After the first months of the war (August- September, 1914), when the German advance toward Paris had been stopped, the opposing forces settled into defensive positions which eventually grew into the complex system of trenches that characterize the Western Front. Trying to outflank each others' positions, the trench system grew until it stretched from the Belgian coast to the Swiss border. A line some 400 miles long. Henri Barbusse, the author of Le Feu (1916) (translated into English as Under Fire: The Story of a Squad), estimated that there were 6250 miles of trenches in the French sector alone. Paul Fussell has performed some arithmetic to include the British sector, and the Central Powers of German and Austria, and has arrived at 25,000 miles of trenches on the Western Front – equal to a trench around the Equator.
The trenches were rat-infested, cold, and in Flanders filled with water (see Ypres). The ground between the enemy trenches – 50 to 500 yards – blasted treeless, shell-cratered, laced with barbed wire, and littered with unburied dead, was No-Man's Land.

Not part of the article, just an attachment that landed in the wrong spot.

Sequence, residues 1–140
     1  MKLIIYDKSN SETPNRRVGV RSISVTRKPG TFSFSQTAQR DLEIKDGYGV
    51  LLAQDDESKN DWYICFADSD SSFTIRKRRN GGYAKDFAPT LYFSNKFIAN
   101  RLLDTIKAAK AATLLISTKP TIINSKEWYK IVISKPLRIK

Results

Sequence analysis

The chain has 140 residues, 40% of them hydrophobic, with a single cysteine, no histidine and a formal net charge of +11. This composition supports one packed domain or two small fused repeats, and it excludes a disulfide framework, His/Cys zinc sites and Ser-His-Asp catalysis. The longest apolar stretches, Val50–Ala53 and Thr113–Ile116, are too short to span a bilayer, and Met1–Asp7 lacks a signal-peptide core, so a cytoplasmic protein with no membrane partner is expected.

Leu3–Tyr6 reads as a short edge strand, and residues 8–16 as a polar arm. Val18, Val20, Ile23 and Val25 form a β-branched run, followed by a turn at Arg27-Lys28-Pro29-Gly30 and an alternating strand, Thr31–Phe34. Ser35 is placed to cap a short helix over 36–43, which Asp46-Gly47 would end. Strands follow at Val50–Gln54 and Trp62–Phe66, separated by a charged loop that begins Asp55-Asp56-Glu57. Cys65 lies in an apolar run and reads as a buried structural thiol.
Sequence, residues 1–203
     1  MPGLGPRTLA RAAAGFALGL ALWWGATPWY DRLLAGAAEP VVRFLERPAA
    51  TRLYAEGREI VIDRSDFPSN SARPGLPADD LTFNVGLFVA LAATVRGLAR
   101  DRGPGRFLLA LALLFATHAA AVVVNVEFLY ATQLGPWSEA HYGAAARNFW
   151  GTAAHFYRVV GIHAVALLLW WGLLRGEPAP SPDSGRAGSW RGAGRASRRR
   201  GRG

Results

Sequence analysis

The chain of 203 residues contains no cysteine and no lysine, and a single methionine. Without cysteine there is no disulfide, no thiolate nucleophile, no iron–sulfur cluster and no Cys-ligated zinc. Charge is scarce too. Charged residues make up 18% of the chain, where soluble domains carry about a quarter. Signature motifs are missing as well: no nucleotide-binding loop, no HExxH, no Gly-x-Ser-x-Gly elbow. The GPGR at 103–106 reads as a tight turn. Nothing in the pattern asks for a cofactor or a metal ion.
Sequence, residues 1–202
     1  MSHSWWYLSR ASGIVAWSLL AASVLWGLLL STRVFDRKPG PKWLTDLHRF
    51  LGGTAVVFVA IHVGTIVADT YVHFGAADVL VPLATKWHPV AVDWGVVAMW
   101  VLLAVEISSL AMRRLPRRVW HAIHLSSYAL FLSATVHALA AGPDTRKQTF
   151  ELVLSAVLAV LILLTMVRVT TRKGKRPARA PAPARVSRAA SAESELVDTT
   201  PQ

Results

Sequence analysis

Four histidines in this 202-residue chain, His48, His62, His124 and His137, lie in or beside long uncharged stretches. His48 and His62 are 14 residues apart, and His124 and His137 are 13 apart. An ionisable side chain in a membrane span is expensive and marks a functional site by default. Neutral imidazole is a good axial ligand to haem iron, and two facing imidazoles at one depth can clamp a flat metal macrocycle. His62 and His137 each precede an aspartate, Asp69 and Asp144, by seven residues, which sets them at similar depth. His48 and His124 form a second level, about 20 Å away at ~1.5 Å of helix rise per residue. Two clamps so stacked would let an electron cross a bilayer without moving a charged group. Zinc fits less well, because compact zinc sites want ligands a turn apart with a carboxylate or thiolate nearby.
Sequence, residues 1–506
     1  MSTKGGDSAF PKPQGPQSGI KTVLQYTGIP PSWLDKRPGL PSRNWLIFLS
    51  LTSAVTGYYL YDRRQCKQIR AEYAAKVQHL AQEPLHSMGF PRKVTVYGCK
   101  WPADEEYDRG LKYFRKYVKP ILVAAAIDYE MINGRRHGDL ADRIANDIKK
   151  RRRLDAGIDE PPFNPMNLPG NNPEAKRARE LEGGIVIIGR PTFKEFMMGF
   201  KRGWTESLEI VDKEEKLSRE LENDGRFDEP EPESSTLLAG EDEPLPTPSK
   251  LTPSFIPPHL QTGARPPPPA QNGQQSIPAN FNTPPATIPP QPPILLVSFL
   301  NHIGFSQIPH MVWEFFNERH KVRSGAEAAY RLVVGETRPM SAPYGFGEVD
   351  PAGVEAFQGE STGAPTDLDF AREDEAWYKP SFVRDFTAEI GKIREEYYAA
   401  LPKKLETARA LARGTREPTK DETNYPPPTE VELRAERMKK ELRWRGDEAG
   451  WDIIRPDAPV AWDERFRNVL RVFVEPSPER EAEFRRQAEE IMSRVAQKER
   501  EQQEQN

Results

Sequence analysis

This map comes from an atlas of the time: An Atlas of the World War, Showing Latest Maps and Pictures / Des Moines : The Kenyon Co., 1918. The red lines delineate the limits of various German advances, with the line of prolonged trench warfare being somewhere between lines "C" and "D." Some of the important sectors on the Western Front included (moving from SE diagonally NW):
The Somme in the French province of Picardy – including, among others, the villages of Bapaume, Fricourt, Thiepval, and Beaumont Hamel, and several "woods" including High Wood, Mametz Wood, and Trones.
Loos in French Picardy – including Vimy Ridge.
Ypres in the Belgian province of Flanders – including the Messines Ridge, and the village of Passchendaele.